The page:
“It was five years of hell”: Parental experiences of navigating and processing the slow and arduous time to pediatric resective epilepsy surgery

Huibrie C. Pieters, Tomoko Iwaki, Barbara G. Vickrey, Gary W. Mathern, Christine B. Baca

Research output: Contribution to journalArticlepeer-review

20 Scopus citations


Objective Children with medically refractory epilepsy stand to benefit from surgery and live a life free of seizures. However, a large proportion of potentially eligible children do not receive a timely referral for a surgical evaluation. We aimed to describe experiences during the arduous time before the referral and the parent-reported facilitators that helped them move forward through this slow time. Methods Individual semi-structured interviews with 37 parents of children who had previously undergone epilepsy surgery at UCLA (2006–2011) were recorded, transcribed, and systematically analyzed by two independent coders using thematic analysis. Clinical data were extracted from medical records. Results Parents, 41.3 years of age on average, were mostly Caucasian, English-speaking, mothers, married, and employed. The mean age at surgery for children was 8.2 years with a mean time from epilepsy onset to surgery of 5.4 years. Parental decision-making was facilitated when parents eventually received a presurgical referral and navigated to a multidisciplinary team that they trusted to care for their child with medically refractory epilepsy. Four themes described the experiences that parents used to feel a sense of moving forward. The first theme, processing, involved working through feelings and was mostly done alone. The second theme, navigating the complex unknowns of the health-care system, was more active and purposeful. Processing co-occurred with navigating in a fluid intersection, the third theme, which was evidenced by deliberate actions. The fourth theme, facilitators, explained helpful ways of processing and navigating; parents utilized these mechanisms to turn vulnerable times following the distress of their child's diagnosis into an experience of productivity. Significance To limit parental distress and remediate the slow and arduous journey to multidisciplinary care at a comprehensive epilepsy center for a surgical evaluation, we suggest multi-pronged interventions to modify barriers associated with parents, providers, and health-care systems. Based on the facilitators that moved parents of our sample forward, we provide practical suggestions such as increased peer support, developing the role of patient navigators and communication strategies with parents before, during, and after referral to a comprehensive epilepsy center and presurgical evaluation.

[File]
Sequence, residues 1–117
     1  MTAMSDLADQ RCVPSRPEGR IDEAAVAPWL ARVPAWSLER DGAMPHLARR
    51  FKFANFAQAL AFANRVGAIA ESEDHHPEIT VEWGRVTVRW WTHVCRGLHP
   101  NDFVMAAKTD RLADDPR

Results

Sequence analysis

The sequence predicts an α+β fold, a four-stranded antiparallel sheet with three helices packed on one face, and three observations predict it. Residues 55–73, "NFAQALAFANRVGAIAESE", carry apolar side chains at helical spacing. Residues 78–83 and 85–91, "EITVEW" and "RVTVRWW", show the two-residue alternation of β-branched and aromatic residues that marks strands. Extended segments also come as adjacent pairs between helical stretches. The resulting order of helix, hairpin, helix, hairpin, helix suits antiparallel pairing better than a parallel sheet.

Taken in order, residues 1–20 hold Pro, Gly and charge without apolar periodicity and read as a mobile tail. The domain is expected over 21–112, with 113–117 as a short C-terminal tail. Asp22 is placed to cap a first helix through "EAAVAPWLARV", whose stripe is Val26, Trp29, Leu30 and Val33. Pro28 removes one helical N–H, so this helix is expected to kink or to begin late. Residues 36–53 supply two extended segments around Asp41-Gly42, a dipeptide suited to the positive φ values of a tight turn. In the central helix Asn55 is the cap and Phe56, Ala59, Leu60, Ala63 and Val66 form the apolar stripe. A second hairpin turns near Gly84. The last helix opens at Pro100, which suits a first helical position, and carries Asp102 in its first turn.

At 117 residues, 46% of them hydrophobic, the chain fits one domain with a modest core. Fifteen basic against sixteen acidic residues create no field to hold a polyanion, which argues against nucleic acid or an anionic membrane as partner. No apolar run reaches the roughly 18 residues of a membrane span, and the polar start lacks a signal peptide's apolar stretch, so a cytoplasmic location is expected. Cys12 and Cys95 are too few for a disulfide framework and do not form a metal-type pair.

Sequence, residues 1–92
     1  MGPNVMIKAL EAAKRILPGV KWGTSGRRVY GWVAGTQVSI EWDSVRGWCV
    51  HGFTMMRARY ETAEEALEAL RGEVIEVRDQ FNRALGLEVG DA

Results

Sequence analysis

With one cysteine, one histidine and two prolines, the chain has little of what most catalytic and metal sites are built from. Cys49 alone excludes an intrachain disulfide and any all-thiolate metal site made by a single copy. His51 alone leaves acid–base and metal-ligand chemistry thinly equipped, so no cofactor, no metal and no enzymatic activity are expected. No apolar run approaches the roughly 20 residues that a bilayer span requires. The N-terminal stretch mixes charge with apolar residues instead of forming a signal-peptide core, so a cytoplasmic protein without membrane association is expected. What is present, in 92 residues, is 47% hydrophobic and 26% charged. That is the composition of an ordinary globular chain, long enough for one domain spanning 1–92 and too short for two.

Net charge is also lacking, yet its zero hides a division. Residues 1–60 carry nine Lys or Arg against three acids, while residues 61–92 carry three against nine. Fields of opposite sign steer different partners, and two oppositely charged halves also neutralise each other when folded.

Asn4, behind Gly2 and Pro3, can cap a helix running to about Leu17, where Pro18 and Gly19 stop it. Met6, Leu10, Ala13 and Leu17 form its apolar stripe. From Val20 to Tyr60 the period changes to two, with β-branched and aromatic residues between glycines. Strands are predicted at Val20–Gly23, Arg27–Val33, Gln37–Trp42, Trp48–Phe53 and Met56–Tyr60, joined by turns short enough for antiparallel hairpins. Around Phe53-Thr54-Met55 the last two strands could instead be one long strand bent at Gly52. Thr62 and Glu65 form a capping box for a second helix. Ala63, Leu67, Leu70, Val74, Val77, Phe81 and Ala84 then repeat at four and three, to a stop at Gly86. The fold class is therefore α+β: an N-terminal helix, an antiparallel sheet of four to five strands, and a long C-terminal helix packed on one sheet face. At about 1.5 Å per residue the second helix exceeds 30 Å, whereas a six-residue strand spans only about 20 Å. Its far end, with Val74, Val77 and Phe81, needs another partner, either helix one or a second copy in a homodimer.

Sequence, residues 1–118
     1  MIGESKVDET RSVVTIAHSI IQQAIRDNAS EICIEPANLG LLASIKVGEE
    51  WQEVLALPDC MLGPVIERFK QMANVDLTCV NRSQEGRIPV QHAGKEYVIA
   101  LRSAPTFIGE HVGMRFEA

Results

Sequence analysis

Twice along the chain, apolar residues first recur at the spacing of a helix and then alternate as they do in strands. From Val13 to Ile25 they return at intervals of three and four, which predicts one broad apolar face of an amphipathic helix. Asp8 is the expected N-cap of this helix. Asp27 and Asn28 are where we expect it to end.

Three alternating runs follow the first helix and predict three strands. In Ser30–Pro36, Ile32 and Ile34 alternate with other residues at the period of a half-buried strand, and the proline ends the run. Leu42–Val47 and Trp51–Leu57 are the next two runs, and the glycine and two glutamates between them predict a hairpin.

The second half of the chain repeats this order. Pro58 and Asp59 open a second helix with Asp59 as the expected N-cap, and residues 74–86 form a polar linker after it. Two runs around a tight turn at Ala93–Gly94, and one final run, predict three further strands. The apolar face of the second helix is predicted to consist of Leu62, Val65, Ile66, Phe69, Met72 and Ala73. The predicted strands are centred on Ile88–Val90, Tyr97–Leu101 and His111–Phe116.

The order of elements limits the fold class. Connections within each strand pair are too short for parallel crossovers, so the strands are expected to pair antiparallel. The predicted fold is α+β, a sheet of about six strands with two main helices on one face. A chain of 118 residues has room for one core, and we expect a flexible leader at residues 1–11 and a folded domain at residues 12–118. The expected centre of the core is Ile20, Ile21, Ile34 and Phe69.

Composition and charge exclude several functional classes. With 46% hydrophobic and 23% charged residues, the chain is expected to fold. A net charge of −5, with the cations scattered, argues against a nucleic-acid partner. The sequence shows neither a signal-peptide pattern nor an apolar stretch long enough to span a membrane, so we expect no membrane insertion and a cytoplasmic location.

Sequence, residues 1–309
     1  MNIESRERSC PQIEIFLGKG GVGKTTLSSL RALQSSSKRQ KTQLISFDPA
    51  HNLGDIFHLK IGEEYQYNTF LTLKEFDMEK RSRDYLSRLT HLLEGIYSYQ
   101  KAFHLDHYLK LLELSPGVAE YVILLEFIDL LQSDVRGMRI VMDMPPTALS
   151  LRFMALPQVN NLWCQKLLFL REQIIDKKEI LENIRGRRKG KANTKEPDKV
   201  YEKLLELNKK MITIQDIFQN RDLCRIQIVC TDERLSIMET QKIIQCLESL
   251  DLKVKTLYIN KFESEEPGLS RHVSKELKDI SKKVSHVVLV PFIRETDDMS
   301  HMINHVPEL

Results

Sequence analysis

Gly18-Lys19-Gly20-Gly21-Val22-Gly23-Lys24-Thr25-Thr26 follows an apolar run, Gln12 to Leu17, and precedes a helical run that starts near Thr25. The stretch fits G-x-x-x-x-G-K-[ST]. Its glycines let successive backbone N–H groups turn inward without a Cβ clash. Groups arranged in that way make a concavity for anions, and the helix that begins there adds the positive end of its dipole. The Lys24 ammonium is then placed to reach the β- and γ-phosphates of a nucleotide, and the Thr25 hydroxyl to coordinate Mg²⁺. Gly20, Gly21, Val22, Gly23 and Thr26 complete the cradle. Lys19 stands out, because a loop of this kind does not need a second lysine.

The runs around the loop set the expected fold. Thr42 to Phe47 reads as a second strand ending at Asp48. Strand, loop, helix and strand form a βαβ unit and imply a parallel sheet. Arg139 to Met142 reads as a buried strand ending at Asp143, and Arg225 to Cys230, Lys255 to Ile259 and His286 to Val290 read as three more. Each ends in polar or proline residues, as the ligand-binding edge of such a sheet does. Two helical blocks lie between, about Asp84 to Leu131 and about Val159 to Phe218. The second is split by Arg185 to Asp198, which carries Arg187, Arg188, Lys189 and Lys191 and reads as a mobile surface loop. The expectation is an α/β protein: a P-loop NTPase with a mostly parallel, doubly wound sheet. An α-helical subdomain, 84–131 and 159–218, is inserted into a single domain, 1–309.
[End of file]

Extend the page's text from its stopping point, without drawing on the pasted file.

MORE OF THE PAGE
Original languageEnglish
Pages (from-to)276-284
Number of pages9
JournalEpilepsy and Behavior
StatePublished - 1 Sep 2016


  • Decision-making
  • Epilepsy surgery
  • Parent
  • Patient empowerment
  • Pediatric
  • Proxy report


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